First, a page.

While news cycles were indeed longer then than now, the difference can be overstated. In a town as small as Anchorage — only 1,856 residents in 1920 per the Census — stories were rapidly exhausted. Everybody who wanted to know about the bank robbery knew about the bank robbery. And without any updates, the story quietly and quickly died. The last story about the holdup came on May 13, only two days after the crime. Baseball was the new local craze, with the 1921 season opening on May 15. The Daily Times stated, “Baseball is king. Bank robbers are taboo; the subject ceases to be of local interest and has passed into history.”
The midday was a popular time for bank robberies across the nation. Some banks considered closing for lunch. The Illinois Banking Association advised as such to its members and said, “It’s a wise man who profits by the experience of others — it may be your turn next. Do you want to be locked in the vault?”
There is little doubt that the 1921 Bank of Alaska robbery was the most successful bank robbery in Anchorage history. And if so, that raises the question of that robbery’s total opposite. The worst Anchorage bank robbery might be far more recent. On May 22, 2018, Michael Gale Nash robbed the midtown First National Bank Alaska on West 36th Avenue. He handed a cashier a note that said, “This is a hold-up. Please put the money they want in the bag. God help us!!!” The cashier handed him $400, and Nash exited the bank. However, the back of the note included Nash’s name and address. And he was arrested on the scene. An FBI spokesperson told the Anchorage Daily News, “He was sitting outside the bank counting his money when police arrived.”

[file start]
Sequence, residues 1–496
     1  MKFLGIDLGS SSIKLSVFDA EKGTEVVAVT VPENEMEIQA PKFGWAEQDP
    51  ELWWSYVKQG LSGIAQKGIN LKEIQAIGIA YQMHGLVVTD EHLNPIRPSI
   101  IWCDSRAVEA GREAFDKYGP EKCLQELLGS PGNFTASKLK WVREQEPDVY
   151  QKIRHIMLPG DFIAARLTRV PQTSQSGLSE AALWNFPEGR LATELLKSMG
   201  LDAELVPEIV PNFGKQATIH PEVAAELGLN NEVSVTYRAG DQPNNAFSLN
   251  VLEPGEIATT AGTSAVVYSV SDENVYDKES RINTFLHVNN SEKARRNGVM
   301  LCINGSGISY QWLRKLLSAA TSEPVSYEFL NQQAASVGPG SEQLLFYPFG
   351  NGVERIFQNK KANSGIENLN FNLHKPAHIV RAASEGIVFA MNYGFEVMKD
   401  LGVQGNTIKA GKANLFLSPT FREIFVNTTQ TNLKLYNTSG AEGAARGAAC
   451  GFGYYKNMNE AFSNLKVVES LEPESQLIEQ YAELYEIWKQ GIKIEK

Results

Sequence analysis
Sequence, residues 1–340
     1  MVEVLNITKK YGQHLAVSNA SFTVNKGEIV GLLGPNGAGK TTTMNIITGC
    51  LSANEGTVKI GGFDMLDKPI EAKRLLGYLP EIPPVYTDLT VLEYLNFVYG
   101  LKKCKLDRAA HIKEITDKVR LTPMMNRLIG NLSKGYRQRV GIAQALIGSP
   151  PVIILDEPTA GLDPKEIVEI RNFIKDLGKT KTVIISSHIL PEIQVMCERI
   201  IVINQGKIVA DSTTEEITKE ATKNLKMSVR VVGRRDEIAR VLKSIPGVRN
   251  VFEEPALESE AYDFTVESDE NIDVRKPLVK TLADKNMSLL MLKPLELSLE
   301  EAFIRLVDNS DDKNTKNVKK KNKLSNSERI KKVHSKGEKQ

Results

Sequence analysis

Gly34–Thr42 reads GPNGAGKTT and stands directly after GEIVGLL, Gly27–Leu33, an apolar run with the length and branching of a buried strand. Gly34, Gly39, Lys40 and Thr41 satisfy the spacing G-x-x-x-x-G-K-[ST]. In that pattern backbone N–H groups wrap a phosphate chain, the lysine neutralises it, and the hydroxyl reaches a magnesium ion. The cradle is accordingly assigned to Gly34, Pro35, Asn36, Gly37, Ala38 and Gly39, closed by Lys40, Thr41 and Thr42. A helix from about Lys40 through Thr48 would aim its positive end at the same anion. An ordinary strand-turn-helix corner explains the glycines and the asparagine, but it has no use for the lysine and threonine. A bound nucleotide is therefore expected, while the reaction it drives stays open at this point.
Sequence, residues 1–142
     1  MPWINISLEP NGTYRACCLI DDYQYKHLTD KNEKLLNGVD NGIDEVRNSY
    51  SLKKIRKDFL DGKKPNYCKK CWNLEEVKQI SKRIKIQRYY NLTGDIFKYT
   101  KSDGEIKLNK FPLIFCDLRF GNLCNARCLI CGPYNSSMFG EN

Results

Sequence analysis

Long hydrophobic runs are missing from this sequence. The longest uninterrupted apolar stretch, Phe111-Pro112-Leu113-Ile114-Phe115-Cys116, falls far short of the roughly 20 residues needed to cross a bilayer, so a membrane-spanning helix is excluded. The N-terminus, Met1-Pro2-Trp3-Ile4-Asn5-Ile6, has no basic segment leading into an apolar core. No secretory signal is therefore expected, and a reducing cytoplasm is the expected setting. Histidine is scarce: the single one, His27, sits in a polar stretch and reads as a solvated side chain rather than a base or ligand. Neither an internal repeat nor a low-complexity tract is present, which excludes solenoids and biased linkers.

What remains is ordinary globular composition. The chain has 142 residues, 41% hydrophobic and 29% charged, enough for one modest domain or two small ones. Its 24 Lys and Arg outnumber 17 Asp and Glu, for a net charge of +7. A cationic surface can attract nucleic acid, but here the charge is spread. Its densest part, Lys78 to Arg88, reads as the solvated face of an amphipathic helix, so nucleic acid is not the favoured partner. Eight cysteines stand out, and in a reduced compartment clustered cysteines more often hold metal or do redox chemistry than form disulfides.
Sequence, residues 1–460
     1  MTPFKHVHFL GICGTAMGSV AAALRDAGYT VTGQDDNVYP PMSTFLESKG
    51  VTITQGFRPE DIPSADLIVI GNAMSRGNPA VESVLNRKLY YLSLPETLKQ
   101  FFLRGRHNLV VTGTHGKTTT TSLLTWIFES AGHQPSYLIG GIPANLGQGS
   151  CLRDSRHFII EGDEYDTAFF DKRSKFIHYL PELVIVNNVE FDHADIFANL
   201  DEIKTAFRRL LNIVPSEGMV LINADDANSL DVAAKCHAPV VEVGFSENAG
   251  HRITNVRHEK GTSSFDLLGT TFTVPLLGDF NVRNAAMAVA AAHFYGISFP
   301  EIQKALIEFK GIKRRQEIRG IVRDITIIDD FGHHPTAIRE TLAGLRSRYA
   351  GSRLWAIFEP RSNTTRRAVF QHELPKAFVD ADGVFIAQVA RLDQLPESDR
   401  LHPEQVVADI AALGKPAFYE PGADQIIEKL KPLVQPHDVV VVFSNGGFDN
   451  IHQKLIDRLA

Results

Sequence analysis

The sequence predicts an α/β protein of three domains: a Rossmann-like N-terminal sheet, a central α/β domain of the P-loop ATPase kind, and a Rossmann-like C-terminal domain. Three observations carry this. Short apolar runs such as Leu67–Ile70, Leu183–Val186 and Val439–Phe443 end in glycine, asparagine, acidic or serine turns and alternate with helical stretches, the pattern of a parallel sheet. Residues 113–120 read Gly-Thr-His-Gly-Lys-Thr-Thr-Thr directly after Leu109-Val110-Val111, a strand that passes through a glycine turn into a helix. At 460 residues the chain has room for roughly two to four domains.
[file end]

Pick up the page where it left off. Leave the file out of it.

“Bank of Alaska Held Up.” Anchorage Daily Times, May 11, 1921, 1.
“The Bank Robbery.” Anchorage Daily Times, May 13, 1921, 8.
Cole, Terrence and Elmer E. Rasmuson. Banking on Alaska: A History of NBA, Vol. 1. Anchorage: Rasmuson Foundation, 2000.
DeMarban, Alex. “Robber Who Wrote Name on Hold-Up Note is Caught Counting Money Outside Bank, FBI Says.” Anchorage Daily News, May 25, 2018, A2.
“Enforce Laws on Vagrancy; Drive Wasters and Loiterers to Labor or Leave Anchorage.” Anchorage Daily Times, May 13, 1921, 1.
“Officers Still Searching for Anchorage’s Bold Bankrobber.” Anchorage Daily Times, May 12, 1921, 1, 4.
“Opening Game of Triangular League Won by City Over Soldiers 4 to 3.” Anchorage Daily Times, May 16, 1921, 6.
“Robert Cockburn Duly Exonerated.” Anchorage Daily Times, May 12, 1921, 5.
“Tax on Dogs Given Passage by the Council.” Anchorage Daily Times, January 20, 1921, 1.